Flexibility

Whatever the reason may be to use both the standard heading dropdown list or the separate heading toolbar buttons, CKEditor 5 WYSIWYG editor offers both of these options for greater comfort of rich-text creation and user satisfaction.

There are more CKEditor 5 features that can help you format your content:

  • Basic font styles – The essentials, like bold, italic and others.
  • Document title – Clearly divide your content into a title and body.
  • Block indentation – Set indentation for text blocks such as paragraphs or lists.
  • Lists – Organize your content better with ordered and unordered lists you can style.
  • Remove format – Easily clean basic text formatting.
  • Autoformatting – Add formatting elements (such as headings) as you type with Markdown code.

# Configuration

# Configuring heading levels

You can configure which heading levels the editor will support and how they should be named in the Headings dropdown. Use the heading.options configuration option to do so.

For example, the following editor will support only two levels of headings — <h1> and <h2>:

<div id="editor">
    <h1>Heading 1</h1>
    <h2>Heading 2</h2>
    <p>This is <a href="https://ckeditor.com">CKEditor 5</a>.</p>
</div>
ClassicEditor
    .create( document.querySelector( '#editor' ), {
        heading: {
            options: [
                { model: 'paragraph', title: 'Paragraph', class: 'ck-heading_paragraph' },
                { model: 'heading1', view: 'h1', title: 'Heading 1', class: 'ck-heading_heading1' },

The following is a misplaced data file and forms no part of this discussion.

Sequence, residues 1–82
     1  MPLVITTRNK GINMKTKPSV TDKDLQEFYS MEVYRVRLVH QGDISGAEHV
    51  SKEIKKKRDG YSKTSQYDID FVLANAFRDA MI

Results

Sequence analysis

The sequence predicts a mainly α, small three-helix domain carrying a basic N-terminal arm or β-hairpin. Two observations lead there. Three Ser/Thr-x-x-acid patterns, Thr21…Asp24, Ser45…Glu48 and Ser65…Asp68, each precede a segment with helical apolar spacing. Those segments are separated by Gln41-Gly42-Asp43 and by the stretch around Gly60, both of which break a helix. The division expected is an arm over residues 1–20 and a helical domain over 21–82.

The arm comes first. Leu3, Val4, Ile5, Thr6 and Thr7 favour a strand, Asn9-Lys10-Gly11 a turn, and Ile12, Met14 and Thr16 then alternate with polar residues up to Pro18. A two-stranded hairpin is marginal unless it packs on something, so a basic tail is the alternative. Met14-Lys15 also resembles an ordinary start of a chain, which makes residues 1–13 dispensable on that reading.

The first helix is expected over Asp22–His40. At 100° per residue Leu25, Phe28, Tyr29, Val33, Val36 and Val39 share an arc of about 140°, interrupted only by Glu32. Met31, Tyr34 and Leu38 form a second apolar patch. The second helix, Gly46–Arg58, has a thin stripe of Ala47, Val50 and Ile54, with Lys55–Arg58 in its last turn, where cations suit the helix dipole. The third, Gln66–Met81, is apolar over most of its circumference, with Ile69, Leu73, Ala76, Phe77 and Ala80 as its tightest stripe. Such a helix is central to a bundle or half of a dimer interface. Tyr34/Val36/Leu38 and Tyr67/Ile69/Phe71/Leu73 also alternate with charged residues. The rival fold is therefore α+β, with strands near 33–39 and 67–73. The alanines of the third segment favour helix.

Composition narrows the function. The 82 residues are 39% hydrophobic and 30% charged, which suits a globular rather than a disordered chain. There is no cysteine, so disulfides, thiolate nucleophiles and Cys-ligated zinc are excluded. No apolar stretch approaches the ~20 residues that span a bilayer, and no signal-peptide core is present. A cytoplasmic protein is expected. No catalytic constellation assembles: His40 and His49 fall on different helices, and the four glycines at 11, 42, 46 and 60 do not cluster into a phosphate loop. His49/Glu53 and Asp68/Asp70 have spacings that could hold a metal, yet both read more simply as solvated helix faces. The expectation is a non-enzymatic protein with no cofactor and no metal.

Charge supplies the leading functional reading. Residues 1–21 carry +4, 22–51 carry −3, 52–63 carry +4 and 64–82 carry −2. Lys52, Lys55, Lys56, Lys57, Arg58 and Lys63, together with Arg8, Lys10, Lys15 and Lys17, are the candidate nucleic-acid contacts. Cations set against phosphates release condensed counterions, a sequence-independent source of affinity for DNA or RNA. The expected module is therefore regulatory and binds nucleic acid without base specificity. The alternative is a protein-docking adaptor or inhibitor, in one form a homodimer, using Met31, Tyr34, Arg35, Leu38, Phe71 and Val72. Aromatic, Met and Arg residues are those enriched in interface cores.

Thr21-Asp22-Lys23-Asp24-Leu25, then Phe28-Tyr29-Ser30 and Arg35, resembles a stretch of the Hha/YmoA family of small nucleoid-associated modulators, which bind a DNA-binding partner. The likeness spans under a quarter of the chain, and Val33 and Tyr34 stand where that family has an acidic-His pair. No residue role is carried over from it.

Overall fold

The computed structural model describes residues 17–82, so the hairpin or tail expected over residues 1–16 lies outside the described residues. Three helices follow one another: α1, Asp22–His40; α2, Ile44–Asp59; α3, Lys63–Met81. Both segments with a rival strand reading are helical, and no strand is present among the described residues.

{ model: 'heading2', view: 'h2', title: 'Heading 2', class: 'ck-heading_heading2' }
            ]
        }
    } )
    .then( ... )
    .catch( ... );

Heading 1

Heading 2

This is CKEditor 5.

# Configuring custom heading elements

It is also possible to define fully custom elements for headings by using the advanced format of the heading.options configuration option.

For example, the following editor will support the following two heading options at the same time: <h2 class="fancy"> and <h2>:

<style>
    /* Styles for the heading in the content and for the dropdown item. */
    h2.fancy, .ck.ck-button.ck-heading_heading2_fancy {
        color: #ff0050;
        font-size: 17px;
    }
</style>

<div id="snippet-custom-heading-levels">
    <h1>Heading 1</h1>
    <h2>Heading 2</h2>
    <h2 class="fancy">Fancy Heading 2</h2>
    <p>This is <a href="https://ckeditor.com">CKEditor 5</a>.</p>
</div>
ClassicEditor
    .create( document.querySelector( '#editor' ), {
        heading: {
            options: [
                { model: 'paragraph', title: 'Paragraph', class: 'ck-heading_paragraph' },
                { model: 'heading1', view: 'h1', title: 'Heading 1', class: 'ck-heading_heading1' },
                { model: 'heading2', view: 'h2', title: 'Heading 2', class: 'ck-heading_heading2' },
                {
                    model: 'headingFancy',
                    view: {
                        name: 'h2',
                        classes: 'fancy'
                    },
                    title: 'Heading 2 (fancy)',
                    class: 'ck-heading_heading2_fancy',

                    // It needs to be converted before the standard 'heading2'.
                    converterPriority: 'high'
                }
            ]
        }
    } )
    .then( ... )
    .catch( ... );

Heading 1

Heading 2

Fancy Heading 2